|US20030234393 *||Jun 20, 2002||Dec 25, 2003||Micron Technology, Inc.||Isolation circuit|
|US20030235929 *||Jun 20, 2002||Dec 25, 2003||Micron Technology, Inc.||Signal sharing circuit with microelectronic die isolation features|
|US20040003941 *||Dec 23, 2002||Jan 8, 2004||Duxbury Guy A.||Technique for electrically interconnecting electrical signals between an electronic component and a multilayer signal routing device|
|US20040036524 *||Aug 20, 2003||Feb 26, 2004||Cowles Timothy B.||Method of providing voltage to a circuit|
|US20040168826 *||Mar 4, 2004||Sep 2, 2004||Tongbi Jiang||Selectively configurable circuit board|
|US20040261049 *||Jun 17, 2003||Dec 23, 2004||Mohr Christian N.||Circuit and method for error test, recordation, and repair|
|US20050026315 *||Aug 30, 2004||Feb 3, 2005||Micron Technology, Inc.||Isolation circuit|
|US20050052932 *||Aug 16, 2004||Mar 10, 2005||Cowles Timothy B.||Circuitry for a programmable element|
|US20050243632 *||Jul 8, 2005||Nov 3, 2005||Cowles Timothy B||Circuitry for a programmable element|
|US20050258535 *||Jul 26, 2005||Nov 24, 2005||Micron Technology, Inc.||Selectively configurable circuit board|
|US20060054353 *||Sep 13, 2005||Mar 16, 2006||Infineon Technologies Ag||Method and device for protection of a component or module|
|US20060131577 *||Jan 24, 2006||Jun 22, 2006||Micron Technology, Inc.||Isolation circuit|
|US20060242497 *||Apr 19, 2006||Oct 26, 2006||Cowles Timothy B||Circuit and method for test and repair|
|US20070070679 *||Nov 13, 2006||Mar 29, 2007||Cowles Timothy B||Circuitry for a programmable element|
|US20070168774 *||Mar 6, 2007||Jul 19, 2007||Mohr Christian N||Method for error test, recordation and repair|
|US20080143379 *||Dec 15, 2006||Jun 19, 2008||Richard Norman||Reprogrammable circuit board with alignment-insensitive support for multiple component contact types|
|US20090224242 *||May 19, 2009||Sep 10, 2009||Micron Technology, Inc.||Isolation circuit|
|US20110209011 *||May 2, 2011||Aug 25, 2011||Micron Technology, Inc.||Method for error test, recordation and repair|
|USRE43607||May 31, 2007||Aug 28, 2012||Jones Farm Technology, Llc||Method and apparatus for evaluating a known good die using both wire bond and flip-chip interconnects|
|U.S. Classification||361/778, 361/779, 361/794, 257/530, 174/261, 257/209, 257/E23.008, 361/760, 257/E23.171|
|International Classification||H01L23/538, H01L23/14|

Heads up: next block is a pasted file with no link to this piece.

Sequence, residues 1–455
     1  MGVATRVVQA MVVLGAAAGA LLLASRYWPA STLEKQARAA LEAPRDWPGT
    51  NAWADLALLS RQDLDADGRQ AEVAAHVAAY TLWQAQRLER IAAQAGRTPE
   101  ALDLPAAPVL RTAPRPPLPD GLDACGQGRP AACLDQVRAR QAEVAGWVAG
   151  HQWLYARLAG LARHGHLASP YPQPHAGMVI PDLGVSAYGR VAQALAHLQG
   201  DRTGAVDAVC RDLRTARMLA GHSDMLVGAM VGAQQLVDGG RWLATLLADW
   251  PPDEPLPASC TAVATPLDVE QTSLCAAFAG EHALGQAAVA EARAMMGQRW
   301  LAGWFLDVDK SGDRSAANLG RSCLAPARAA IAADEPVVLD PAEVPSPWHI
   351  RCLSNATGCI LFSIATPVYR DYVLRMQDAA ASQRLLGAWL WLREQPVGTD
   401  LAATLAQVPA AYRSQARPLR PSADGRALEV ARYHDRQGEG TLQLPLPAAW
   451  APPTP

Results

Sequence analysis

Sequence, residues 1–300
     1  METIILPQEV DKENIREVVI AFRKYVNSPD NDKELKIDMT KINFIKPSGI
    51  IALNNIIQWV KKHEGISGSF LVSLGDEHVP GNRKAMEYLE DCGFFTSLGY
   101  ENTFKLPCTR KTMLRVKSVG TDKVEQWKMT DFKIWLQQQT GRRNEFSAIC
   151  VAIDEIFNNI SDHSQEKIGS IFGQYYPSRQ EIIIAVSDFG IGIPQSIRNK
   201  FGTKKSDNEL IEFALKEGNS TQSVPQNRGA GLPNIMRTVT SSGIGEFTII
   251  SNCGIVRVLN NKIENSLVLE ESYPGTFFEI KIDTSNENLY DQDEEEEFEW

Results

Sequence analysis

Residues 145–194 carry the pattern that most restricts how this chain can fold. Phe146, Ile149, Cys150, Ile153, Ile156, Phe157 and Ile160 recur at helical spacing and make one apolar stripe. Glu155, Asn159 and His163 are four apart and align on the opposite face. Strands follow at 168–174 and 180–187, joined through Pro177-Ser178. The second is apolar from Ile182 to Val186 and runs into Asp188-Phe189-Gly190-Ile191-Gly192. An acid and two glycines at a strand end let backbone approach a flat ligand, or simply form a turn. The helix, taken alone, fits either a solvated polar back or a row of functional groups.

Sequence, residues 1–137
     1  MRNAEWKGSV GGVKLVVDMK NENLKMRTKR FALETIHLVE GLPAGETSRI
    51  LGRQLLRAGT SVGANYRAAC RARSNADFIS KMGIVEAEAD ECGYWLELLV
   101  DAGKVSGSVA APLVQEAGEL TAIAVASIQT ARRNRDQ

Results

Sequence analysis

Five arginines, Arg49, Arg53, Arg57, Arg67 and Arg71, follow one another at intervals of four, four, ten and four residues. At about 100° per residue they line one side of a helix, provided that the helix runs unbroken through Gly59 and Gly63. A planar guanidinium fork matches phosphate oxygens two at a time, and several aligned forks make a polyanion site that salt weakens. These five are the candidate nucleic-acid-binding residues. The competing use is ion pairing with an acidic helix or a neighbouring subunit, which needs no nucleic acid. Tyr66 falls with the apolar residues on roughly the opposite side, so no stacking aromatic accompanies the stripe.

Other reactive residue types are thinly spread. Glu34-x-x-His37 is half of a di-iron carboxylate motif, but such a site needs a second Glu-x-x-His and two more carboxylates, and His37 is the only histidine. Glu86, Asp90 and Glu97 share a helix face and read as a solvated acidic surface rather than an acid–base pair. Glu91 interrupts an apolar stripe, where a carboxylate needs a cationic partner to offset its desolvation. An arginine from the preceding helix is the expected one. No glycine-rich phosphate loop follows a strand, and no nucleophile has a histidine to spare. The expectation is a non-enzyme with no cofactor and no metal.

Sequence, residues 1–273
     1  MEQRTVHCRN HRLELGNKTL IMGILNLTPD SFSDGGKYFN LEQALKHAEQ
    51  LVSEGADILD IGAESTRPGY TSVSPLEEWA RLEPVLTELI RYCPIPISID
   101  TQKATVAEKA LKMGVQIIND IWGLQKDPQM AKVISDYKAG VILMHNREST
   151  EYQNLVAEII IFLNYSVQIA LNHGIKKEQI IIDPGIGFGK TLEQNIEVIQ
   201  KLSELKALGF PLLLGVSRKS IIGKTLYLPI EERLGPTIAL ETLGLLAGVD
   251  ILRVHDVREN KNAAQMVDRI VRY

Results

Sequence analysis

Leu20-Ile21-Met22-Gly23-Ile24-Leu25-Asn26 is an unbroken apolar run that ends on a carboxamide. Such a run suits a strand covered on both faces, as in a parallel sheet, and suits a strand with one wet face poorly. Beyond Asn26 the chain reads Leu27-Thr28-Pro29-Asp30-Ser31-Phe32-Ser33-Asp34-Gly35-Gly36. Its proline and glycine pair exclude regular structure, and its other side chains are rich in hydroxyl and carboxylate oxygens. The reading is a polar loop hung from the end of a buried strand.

|Cooperative Classification||H01L2924/0002, H01L23/5382, H01L23/147|
|European Classification||H01L23/14S, H01L23/538B|
|Aug 10, 1992||AS||Assignment|
Owner name: ENVIRONMENTAL RESEARCH INSTITUTE OF MICHIGAN, MICH
Free format text: ASSIGNMENT OF ASSIGNORS INTEREST.;ASSIGNOR:PERKINS, CORNELIUS C.;REEL/FRAME:006239/0908
Effective date: 19920723
|Aug 2, 1999||FPAY||Fee payment|
Year of fee payment: 4
|Aug 16, 1999||AS||Assignment|
Owner name: ERIM INTERNATIONAL, INC., MICHIGAN
Free format text: CONFIRMATORY ASSIGNMENT;ASSIGNOR:ENVIRONMENTAL RESEARCH INSTITUTE OF MICHIGAN;REEL/FRAME:010018/0259
Effective date: 19990811
|Dec 6, 1999||AS||Assignment|
Owner name: FIRST UNION NATIONAL BANK, NORTH CAROLINA
Free format text: GUARANTOR SECURITY AGREEMENT;ASSIGNOR:ERIM INTERNATIONAL, INC.;REEL/FRAME:010395/0907
Effective date: 19990903
|Jun 20, 2002||AS||Assignment|
Owner name: WACHOVIA BANK, NATIONAL, NORTH CAROLINA
Free format text: ASSIGNMENT OF SECURITY INTEREST;ASSIGNOR:VERIDIAN SYSTEMS DIVISION, INC.;REEL/FRAME:012991/0435
Effective date: 20020610
|Aug 4, 2003||FPAY||Fee payment|
Year of fee payment: 8
|Aug 21, 2003||AS||Assignment|
Owner name: VERIDIAN SYSTEMS DIVISION, INC., VIRGINIA
Free format text: SATISFACTION OF COLLATERAL AGREEMENT/TERMINATION OF SECURITY INTEREST;ASSIGNOR:WACHOVIA BANK, NATIONAL ASSOCIATION;REEL/FRAME:014420/0009
Effective date: 20030811
|Dec 22, 2005||AS||Assignment|
Owner name: ERIM INTERNATIONAL, INC., MICHIGAN
Free format text: SECURITY INTEREST;ASSIGNOR:WACHOVIA BANK, NATIONAL ASSOCIATION;REEL/FRAME:017105/0462
Effective date: 20051019
|Aug 13, 2007||REMI||Maintenance fee reminder mailed|
|Feb 6, 2008||LAPS||Lapse for failure to pay maintenance fees|
|Mar 25, 2008||FP||Expired due to failure to pay maintenance fee|
Effective date: 20080206